Sajjad Zohir and Mahesh Patel
As a part of multi-country study, the exercise was undertaken for IDS- Sussex, meant to assess the roles of UN agencies in promoting poverty reduction strategy (PRS). It was revealing to learn of various actors engaged in reshaping the destiny of a land-locked country. Many stories however remain untold in a report.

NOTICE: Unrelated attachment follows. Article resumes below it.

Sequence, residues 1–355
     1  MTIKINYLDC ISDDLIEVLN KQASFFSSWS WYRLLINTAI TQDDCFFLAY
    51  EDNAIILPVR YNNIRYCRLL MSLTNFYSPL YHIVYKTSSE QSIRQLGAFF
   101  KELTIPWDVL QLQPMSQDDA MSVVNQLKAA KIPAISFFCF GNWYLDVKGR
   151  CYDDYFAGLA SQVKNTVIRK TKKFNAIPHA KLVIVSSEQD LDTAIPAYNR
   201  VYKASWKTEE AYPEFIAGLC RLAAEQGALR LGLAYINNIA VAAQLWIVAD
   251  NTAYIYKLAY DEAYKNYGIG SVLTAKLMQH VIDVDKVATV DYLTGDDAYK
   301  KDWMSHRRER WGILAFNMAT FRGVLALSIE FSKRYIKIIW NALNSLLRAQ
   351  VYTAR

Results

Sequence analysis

This report is one of eight studies of UN agencies’ involvement in the preparation of country-level Poverty Reduction Strategy (PRS) and/or National Development Strategy (NDS) in various less developed countries.1 Mongolia is an exception since it is a low-income country with per capita gross domestic product (GDP) of US $690 (in 2005), and since it is not a member of the LDCs.2 More importantly, Mongolia is not a PRS country even though a Poverty Reduction Strategy Paper, called the EGSPRS, was prepared in 2003.3 The EGSPRSP was accepted at the meetings of the Executive Boards of the World Bank and the IMF, even though no resources came into the country from the two agencies under the PRS commitments. Mongolia however is a country on full roll, where the UNCT’s practices have been considered as ‘best practice’ model, and one UN is vigorously pursued. It is also a country in transition where the politics of governance has been undergoing significant changes since the beginning of the 1990’s; and UN agencies’ partnership in the process continues to be highly valued by the Government of Mongolia (GOM).331